$W_t$ is a brownian motion and $X_t:= \sqrt{t}Z$, where: $Z\sim N(0,1)$.

How to show that for a bounded continuous $f$ process, $$U_t = \int_0^t (f(W_s))ds$$ and $$V_t = \int_0^t (f(X_s))ds$$ have the same expectation but not the same variance in general?

  • $\begingroup$ I am not sure to get the point of your question. Basically, Brownian motion and your $X$ stochastic process are equal in distribution. So all their moments will be equal, as well as as the moments of your two processes $U$ and $V$. They can be ‘different’ in the sense of non-indistinguishability (a.s. equality), just as two identically distributed random variables can be different ‘event-wise’ $\endgroup$ – siou0107 Apr 20 '20 at 15:07
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    $\begingroup$ The thing though is that the $X_t$ process is very smooth, while $W_t$ is very rough. The quadratic variation will be very different. $\endgroup$ – noob2 Apr 20 '20 at 15:55
  • $\begingroup$ I don’t agree with that. $dX_t = \sqrt{dt}Z$, which has the same distribution and properties (such as quadratic variation) than $dW_t$ $\endgroup$ – siou0107 Apr 20 '20 at 17:15

The means are equal

Suppose $f$ is analytic so that we can give it a Taylor series that works everywhere such that $f(x) = \sum a_n x^n$, and then let us let this be bounded too. To show that the expectations are the same consider taking the expectation of $U_t$ \begin{equation} \mathbb{E}(U_t) = \mathbb{E}\left(\int_0^t f(W_s) \,\mathrm{d}s\right)\\ \end{equation} as $f$ if bounded we can use Fubini's theorem to move the expectation inside the integral, giving \begin{align} \mathbb{E}(U_t) & = \int_0^t \mathbb{E}\left(f(W_s)\right) \,\mathrm{d}s\\ & = \int_0^t \sum_n a_n \mathbb{E}\left(W_s^n\right) \,\mathrm{d}s \\ & = \int_0^t \sum_n a_n s^{n/2} M_n \,\mathrm{d}s \end{align} where $M_n$ denotes the $n$-th moment of a standard Gaussian distribution. Identically we could do this for the expectation of $V_t$ and see that the two are equal, and hence that $U_t$ has the same expectation of $V_t$.

The variances are not equal

For the variance of $U_t$ we need to evaluate the expected value of \begin{align} U_t^2 = \left(\int_0^t f(W_s) \,\mathrm{d}s \right)^2 &= \int_0^t \int_0^t f(W_s) f(W_u) \,\mathrm{d}u \,\mathrm{d}s \\ &= 2 \int_0^t \int_0^s f(W_s) f(W_u) \,\mathrm{d}u \,\mathrm{d}s. \end{align}

Taking the expectation and putting this inside the integral again gives \begin{equation} \mathbb{E}\left(U_t^2\right) = 2 \int_0^t \int_0^s \sum_{n, m, k} a_n a_m \binom{n}{k} \mathbb{E}(W_s^n W_u^m) \,\mathrm{d}u \,\mathrm{d}s. \end{equation} Within the integrand $u \leq s$ and so expand $W_s = W_u + (W_s - W_u)$ where as $W$ is a Weiner process the increment $W_s - W_u$ is independent to the value of $W_u$ and has variance $s - u$. This then simplifies to give \begin{equation} \mathbb{E}\left(U_t^2\right) = 2 \int_0^t \int_0^s \sum_{n, m, k} a_n a_m \binom{n}{k} u^{\frac{n + m}{2}}(s - u)^{\frac{n-k}{2}}M_{n+m}M_{n-k} \,\mathrm{d}u \,\mathrm{d}s. \end{equation}

An identical process can be applied for $V_t$ but instead of expanding $W_s$ we just use $X_t = \sqrt{t}Z$ and obtain \begin{equation} \mathbb{E}\left(V_t^2\right) = 2 \int_0^t \int_0^s \sum_{n, m, k} a_n a_m \binom{n}{k} s^{\frac{n}{2}}u^{\frac{m}{2}}M_{n+m} \,\mathrm{d}u \,\mathrm{d}s. \end{equation}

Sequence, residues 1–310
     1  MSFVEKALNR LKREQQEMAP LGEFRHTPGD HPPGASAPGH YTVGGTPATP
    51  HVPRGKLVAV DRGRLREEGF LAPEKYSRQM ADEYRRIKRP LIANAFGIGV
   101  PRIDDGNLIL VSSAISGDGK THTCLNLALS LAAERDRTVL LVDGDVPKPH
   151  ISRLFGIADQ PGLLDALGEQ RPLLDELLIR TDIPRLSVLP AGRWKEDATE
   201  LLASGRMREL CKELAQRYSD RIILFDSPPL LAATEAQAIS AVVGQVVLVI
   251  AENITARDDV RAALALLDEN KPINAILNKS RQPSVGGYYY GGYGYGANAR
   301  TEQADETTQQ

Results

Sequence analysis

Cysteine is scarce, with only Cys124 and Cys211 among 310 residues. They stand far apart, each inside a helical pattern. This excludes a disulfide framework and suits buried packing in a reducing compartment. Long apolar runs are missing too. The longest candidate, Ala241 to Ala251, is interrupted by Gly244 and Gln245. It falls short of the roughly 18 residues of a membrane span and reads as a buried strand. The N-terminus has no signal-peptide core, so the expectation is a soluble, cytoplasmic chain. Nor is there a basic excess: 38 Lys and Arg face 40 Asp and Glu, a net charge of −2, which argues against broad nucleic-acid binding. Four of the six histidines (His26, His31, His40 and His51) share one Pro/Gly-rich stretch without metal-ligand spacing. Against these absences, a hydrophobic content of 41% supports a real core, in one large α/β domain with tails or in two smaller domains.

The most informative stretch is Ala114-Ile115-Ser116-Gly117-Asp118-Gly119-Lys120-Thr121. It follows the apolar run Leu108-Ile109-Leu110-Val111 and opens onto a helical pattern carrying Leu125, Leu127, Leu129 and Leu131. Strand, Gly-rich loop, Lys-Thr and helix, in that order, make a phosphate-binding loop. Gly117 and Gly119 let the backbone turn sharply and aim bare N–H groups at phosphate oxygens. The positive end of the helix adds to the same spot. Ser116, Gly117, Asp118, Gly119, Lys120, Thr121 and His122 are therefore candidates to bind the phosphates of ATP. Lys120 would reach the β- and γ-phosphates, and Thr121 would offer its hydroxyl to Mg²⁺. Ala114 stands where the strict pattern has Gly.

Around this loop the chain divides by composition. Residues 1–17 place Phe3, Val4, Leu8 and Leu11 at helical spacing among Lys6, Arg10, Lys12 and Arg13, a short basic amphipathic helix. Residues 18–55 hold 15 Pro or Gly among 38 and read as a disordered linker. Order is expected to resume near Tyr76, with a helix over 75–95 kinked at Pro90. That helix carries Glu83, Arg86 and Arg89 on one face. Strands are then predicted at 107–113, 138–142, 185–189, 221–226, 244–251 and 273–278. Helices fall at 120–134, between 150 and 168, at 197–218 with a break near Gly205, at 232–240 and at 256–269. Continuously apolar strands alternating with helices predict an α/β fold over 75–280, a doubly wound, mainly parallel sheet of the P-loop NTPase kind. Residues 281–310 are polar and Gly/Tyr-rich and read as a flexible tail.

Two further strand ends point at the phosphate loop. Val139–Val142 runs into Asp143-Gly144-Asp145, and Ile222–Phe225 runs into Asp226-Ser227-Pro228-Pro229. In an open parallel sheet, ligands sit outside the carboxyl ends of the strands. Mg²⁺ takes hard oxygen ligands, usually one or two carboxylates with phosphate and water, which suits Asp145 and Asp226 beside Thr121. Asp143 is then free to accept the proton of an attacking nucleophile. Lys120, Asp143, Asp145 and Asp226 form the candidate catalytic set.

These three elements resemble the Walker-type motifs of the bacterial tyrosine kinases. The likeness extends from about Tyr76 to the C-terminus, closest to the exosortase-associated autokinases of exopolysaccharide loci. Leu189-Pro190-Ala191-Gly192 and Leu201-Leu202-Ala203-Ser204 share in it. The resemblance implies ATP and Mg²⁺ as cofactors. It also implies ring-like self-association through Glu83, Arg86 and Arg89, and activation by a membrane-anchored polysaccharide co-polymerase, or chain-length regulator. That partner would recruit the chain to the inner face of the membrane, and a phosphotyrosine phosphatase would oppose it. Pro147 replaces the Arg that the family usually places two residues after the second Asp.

The second expression is more easily integrated out than the first, but both are doable and I think they evaluate to different quantities.

A numeric demonstration

Take $f \equiv \sin$ and you can simulate this, as the example python code does, the key result is then:

Variable = U,   Mean = 0.00206326180593 +/- 0.00228420660865,   Standard deviation = 0.228420660865 
Variable = V,   Mean = -0.0177668651186 +/- 0.0380135632954,    Standard deviation = 3.80135632954 

We see this confirms that the means are the same but variances differ.

enter image description here

Python code

import numpy as np
from scipy.stats import norm

f = np.sin

M = 10000
T = 2*np.pi
dt = T/M
N = 10000
mean_u, mean_v = 0, 0
var_u, var_v = 0, 0
for _ in range(N):
    w = np.cumsum(np.concatenate([[0], norm.rvs(scale=dt, size=M)]))
    z = norm.rvs()
    t = np.cumsum([0] + [dt]*M)
    x = np.sqrt(t) * z
    u = np.sum(f(w))*dt
    v = np.sum(f(x))*dt
    mean_u += u
    mean_v += v
    var_u += u ** 2
    var_v += v ** 2
mean_u /= N
mean_v /= N
var_u /= N
var_v /= N
var_u -= mean_u ** 2
var_v -= mean_v ** 2
std_u = np.sqrt(var_u)
std_v = np.sqrt(var_v)
std_error_u = np.sqrt(var_u / N)
std_error_v = np.sqrt(var_v / N)

for n, m, s, se in [["U", mean_u, std_u, std_error_u], ["V", mean_v, std_v, std_error_v]]:
    print("Variable = {},\tMean = {} +/- {},\tStandard deviation = {} ".format(n, m, se, s))
  • $\begingroup$ Your $X$ process does not seem much random to me... It is just a random variable which, once known, grows at $\sqrt{t}$, but then it is not a stochastic process. $\endgroup$ – siou0107 Apr 24 '20 at 15:15
  • $\begingroup$ That's exactly the definition of the process $X_t$ in the original post: $X_t:=\sqrt{t}\times Z$. $\endgroup$ – Daneel Olivaw Apr 24 '20 at 15:17
  • $\begingroup$ @siou0107 It's no more or less random than $W_t$. Once a sample $\omega$ is realised both $X_t$ and $W_t$ are known, it's just that one is much smoother than the other. $\endgroup$ – oliversm Apr 24 '20 at 15:48
  • $\begingroup$ @oliversm Thanks so much for your answer... $\endgroup$ – Alicia Apr 27 '20 at 0:15

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